For technical stories that fall under non functional requirements (requirements being the key word here), it should be possible to establish their value based on the above definition. An extreme position would be to de-prioritize any NFR / story that cannot establish how it would make the system more attractive for end customers. There is a possibility that inadequate articulation of the value may lower the perceived value of a tech story. But hey, I would ask the tech guys to articulate the value in a different and better way rather than let it get in the back door.

Note: Value need not necessarily be limited to returns in the short term. Long term benefits should also be considered to be of value, in some cases, more valuable than short term gains.

The concept of Relative Value

One of the interesting things that Chaman brought to my notice was details around TOC and that Throughput should be measured as sales (Rs / dollars).

Now, most people see Throughput in terms of story points that the dev teams estimate for stories. This is natural but inconsistent with the spirit of TOC. Story points, no matter that they are nebulous and a relative measure, are estimated by the people doing the job (devs, qas, etc.). And that firmly land them on the cost side. While it is meaningful to get this estimate, for the purpose of measuring throughput in the context of TOC, we may find "value" estimate by business more appropriate.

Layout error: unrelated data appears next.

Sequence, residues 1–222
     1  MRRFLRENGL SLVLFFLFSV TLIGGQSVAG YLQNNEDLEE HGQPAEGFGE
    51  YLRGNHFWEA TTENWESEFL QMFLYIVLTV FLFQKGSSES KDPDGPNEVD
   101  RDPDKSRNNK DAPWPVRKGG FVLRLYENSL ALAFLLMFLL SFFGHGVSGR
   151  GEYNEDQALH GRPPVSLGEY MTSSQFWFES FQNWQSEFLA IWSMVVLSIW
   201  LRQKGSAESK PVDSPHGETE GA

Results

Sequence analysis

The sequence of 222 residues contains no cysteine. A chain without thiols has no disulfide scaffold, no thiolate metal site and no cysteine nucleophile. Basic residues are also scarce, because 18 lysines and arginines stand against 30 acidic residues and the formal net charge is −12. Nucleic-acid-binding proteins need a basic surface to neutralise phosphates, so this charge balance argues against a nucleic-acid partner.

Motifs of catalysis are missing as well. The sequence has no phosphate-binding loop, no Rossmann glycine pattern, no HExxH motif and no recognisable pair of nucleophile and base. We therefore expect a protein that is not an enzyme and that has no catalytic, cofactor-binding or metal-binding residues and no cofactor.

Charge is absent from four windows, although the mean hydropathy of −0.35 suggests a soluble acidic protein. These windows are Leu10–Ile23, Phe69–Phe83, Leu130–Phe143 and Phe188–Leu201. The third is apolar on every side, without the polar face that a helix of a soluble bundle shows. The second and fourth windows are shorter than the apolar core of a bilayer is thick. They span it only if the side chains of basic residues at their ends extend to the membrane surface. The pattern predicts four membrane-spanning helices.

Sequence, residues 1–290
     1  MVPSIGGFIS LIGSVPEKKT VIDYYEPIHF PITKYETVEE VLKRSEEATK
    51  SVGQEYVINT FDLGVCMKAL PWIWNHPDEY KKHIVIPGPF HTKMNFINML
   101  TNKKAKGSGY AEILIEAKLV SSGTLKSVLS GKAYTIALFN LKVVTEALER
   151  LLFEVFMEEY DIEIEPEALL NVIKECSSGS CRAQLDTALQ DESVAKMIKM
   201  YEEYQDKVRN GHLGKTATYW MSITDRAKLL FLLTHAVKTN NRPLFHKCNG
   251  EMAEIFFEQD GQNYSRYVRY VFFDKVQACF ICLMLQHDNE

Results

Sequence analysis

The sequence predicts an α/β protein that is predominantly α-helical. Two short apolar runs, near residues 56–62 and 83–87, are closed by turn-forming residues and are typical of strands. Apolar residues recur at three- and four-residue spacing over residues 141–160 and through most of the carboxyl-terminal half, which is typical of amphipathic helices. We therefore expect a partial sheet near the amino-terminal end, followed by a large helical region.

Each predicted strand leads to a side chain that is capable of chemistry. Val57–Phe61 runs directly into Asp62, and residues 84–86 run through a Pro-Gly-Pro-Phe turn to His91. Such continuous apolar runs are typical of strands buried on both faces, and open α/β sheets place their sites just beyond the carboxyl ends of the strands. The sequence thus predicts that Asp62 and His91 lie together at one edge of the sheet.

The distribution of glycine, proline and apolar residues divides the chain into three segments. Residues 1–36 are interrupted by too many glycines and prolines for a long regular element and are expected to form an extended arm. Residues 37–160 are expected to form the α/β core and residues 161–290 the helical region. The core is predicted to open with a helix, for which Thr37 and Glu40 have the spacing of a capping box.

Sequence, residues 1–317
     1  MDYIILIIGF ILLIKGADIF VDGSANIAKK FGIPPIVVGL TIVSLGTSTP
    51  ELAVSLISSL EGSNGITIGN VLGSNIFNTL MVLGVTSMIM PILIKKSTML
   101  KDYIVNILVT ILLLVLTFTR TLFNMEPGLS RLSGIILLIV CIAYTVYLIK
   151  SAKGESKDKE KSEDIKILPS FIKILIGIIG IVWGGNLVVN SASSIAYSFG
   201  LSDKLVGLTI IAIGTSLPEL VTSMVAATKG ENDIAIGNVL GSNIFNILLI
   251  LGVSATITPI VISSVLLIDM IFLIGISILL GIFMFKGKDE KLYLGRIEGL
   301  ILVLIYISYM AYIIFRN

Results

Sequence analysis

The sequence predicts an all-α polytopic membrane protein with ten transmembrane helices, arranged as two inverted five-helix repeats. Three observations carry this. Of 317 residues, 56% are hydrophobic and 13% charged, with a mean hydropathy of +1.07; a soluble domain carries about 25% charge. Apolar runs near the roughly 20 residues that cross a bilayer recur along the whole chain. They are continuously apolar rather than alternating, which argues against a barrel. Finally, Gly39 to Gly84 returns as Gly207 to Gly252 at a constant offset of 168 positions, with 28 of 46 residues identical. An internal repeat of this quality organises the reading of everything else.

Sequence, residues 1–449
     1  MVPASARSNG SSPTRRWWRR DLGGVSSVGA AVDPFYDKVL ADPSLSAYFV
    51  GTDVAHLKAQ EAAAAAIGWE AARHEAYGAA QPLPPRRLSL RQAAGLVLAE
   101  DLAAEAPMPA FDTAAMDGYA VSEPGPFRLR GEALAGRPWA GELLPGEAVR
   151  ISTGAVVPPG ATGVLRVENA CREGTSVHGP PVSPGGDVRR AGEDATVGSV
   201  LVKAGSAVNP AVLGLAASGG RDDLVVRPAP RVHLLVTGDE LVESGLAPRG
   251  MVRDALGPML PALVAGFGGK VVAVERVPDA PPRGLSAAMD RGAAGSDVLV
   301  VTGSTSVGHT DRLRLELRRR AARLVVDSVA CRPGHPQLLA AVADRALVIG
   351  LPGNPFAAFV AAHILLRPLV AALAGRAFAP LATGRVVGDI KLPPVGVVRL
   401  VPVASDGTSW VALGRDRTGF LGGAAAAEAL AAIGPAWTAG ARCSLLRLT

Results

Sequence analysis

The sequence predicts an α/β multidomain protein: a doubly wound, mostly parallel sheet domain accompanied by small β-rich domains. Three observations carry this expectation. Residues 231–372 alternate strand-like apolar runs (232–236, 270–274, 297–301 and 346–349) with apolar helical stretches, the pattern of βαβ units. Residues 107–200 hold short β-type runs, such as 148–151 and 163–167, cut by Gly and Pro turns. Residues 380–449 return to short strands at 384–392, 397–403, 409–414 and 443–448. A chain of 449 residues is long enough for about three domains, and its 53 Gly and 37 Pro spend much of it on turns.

Now, given that the stories are not independent units but assimilate into a larger system which is then sold to end customers or used by end customers, the value of a story can't be defined with precision. The value of a story derives from making the system more attractive for end customers. As this is an abstraction of "value", its estimation becomes subjective to interpretation and nailing it down with accuracy difficult. Hence, relative value. My suggestion would be to use the standard sizing / estimation concepts for this. With some changes. Get the business to answer 2 questions:

1. By implementing this story, how much more direct (and indirect) revenue will the system generate? If this cannot be determined quantitatively, then ask the second question:
2. By implementing this story, how qualitatively useful is it making the system for end users / customers?

Use triangulation to ensure the relative accuracy of these numbers. This should enable us to measure relative value being delivered every iteration and hence throughput.

Tuesday, June 30, 2009

Why software development is not same as building bridges

I came across a very old post on itmweb titled: Why is software development not viewed as R&D, but more like manufacturing? (http://www.itmweb.com/ubb/Forum3/HTML/000010.html).